COLUMN: Why the 'S' word isn't so bad

The word 'strategic' is one of the English language's most abused - but the government's plans to require mandatory 'strategic' reports actually makes sense, argues Headland's Neil Hedges.

by Neil Hedges
Last Updated: 07 Oct 2013

In today’s business world, everyone I encounter and every business service offered is ‘strategic’. If you’re not strategic, you must be tactical or just not very bright. Strategy is up there with the most used and abused words in the English language.

In annual reports at least, some of that abuse may be about to change. All companies with a year-end after October 2013 will be required to include in their annual reports a new bit, called the strategic report.

The sceptic will question whether this development will just add to the length of the already hefty annual report, but do nothing to improve a real understanding of the company – and indeed to reinvigorate the dwindling perceived importance of the report.

But on this occasion, it’s just possible that the sceptics may be wrong.

Firstly, the new strategic report will replace the business review, so page numbers may not increase.

Next, the Corporate Code is very specific on what should be included in the strategic report: ‘An explanation of the basis on which the company generates or preserves value over the longer term (the business model) and the strategy for delivering the objectives of the company.’

Thirdly, the new report will require companies to focus on the principal risks they face – the known and unknown unknowns - and how they might affect future prospects.

Up until now, strategy and risk have been treated as separate elements in many annual reports. Strategy reporting has emphasised future growth opportunities, while risk reporting dealt with the control systems in place to mitigate potential threats. In the future, the two will need to be brought together and founded on the recognition that future uncertainty provides both opportunity and threat.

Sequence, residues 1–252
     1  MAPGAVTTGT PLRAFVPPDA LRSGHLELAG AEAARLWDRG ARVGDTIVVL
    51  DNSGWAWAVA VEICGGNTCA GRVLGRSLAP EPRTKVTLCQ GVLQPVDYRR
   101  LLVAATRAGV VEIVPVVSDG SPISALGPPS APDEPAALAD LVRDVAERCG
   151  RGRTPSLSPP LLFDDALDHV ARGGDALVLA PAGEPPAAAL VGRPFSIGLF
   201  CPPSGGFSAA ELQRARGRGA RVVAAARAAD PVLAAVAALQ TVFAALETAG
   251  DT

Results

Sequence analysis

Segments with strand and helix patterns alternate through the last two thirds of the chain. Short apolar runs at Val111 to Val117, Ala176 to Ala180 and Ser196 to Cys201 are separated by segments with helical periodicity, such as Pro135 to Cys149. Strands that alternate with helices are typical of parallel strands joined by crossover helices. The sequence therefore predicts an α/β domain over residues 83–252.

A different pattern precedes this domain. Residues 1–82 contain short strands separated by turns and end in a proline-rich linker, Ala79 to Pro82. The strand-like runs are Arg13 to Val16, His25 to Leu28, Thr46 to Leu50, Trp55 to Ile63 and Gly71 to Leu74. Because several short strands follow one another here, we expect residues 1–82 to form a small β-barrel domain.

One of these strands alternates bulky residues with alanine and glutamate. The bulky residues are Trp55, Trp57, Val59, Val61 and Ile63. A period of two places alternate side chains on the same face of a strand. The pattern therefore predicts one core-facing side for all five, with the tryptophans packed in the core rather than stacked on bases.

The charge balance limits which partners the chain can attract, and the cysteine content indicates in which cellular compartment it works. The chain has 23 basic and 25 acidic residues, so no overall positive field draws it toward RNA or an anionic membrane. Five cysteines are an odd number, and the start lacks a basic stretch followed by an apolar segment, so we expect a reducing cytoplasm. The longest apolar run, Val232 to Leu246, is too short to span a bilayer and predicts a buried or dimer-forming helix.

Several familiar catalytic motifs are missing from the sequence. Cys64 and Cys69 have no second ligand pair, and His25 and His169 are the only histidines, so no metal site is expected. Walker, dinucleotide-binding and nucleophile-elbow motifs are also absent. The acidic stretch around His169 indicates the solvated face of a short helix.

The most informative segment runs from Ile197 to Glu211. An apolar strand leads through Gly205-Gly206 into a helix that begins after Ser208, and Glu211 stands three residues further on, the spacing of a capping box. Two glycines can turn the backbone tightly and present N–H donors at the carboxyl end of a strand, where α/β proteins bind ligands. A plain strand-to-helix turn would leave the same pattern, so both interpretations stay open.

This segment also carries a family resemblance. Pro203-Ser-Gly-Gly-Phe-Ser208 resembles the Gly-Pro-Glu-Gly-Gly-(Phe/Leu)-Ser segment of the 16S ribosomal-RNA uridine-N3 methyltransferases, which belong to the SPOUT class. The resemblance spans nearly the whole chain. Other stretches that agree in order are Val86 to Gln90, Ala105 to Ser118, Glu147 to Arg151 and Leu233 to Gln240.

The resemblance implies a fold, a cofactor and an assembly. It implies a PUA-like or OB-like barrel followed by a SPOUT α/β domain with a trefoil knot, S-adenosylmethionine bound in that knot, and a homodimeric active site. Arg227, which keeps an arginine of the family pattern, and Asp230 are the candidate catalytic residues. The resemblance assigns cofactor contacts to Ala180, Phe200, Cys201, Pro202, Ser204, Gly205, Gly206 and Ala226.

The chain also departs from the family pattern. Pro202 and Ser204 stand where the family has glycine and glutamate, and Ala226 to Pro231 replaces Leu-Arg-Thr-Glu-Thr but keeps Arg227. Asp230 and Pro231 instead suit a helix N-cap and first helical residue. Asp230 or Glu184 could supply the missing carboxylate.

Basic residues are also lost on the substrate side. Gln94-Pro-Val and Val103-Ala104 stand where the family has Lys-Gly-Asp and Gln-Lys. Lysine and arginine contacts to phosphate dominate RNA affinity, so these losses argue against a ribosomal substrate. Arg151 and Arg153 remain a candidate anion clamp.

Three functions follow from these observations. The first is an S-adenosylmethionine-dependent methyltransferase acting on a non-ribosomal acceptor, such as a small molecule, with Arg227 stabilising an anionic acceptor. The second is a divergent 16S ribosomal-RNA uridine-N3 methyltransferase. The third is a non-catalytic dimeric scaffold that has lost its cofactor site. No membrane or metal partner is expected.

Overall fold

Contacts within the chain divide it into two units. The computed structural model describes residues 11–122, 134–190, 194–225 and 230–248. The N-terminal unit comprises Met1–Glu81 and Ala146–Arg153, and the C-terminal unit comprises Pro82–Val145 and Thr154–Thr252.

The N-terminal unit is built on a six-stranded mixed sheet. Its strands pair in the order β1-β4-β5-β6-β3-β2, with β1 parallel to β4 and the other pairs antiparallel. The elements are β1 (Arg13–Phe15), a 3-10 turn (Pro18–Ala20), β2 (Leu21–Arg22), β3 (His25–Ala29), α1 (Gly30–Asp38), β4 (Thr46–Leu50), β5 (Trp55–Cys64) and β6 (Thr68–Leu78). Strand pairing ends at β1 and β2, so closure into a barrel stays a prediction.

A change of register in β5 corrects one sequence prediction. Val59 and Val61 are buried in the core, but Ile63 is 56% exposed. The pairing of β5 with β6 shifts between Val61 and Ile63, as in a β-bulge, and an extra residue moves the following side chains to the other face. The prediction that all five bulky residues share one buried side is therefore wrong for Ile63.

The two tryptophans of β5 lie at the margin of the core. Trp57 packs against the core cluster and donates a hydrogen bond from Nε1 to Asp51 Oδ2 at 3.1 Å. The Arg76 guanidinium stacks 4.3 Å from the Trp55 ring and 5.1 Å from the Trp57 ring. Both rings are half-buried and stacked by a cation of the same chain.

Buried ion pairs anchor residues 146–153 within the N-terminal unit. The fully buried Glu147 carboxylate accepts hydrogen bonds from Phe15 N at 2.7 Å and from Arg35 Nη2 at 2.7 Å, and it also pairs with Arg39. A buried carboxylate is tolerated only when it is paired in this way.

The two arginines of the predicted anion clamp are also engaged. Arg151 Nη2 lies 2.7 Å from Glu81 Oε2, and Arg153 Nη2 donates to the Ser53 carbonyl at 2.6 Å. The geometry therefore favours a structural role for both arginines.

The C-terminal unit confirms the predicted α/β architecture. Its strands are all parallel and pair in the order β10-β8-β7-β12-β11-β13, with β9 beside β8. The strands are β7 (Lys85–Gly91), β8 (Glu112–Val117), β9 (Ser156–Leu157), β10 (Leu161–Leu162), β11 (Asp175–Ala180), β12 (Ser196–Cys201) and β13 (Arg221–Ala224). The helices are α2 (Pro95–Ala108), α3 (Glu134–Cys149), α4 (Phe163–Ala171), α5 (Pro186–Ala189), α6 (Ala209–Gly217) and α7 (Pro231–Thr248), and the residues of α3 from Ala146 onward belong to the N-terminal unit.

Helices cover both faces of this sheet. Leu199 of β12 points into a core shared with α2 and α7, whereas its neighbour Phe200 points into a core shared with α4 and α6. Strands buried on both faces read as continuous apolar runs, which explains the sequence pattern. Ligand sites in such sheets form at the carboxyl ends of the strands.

The skills required to handle all these different dimensions are broad. Auditors, it could be argued, are trained to deal with past events, so they may not be the best equipped to advise on issues which relate to future factors and risk, which lie more in the natural domain of risk management consultants.

But who deals with the development and articulation of the strategy in the report?  

Herein lies perhaps the most interesting and exciting opportunity. A strategy cannot of course be communicated before it’s defined and agreed. The introduction of the strategic report should force companies to focus on the true definition of strategy and, equally important, to ensure the board understands and signs up to what has been agreed.

If my own experience is anything to go by, this presents a considerable challenge. Individual board members may be eloquent on the objectives of their company, but there’s less consistency around the board table on the understanding and communication of its strategy as defined by the Corporate Code.

Moreover, the incorporation and distillation of that strategy in the corporate narrative (think of that opening descriptor in the annual report) will require thoughtful scripting.

If consultancies like ours can do our bit to redefine the ‘S’ word and return it to its true status, so much the better.

- Neil Hedges is a partner at financial and corporate communications consultancy Headland

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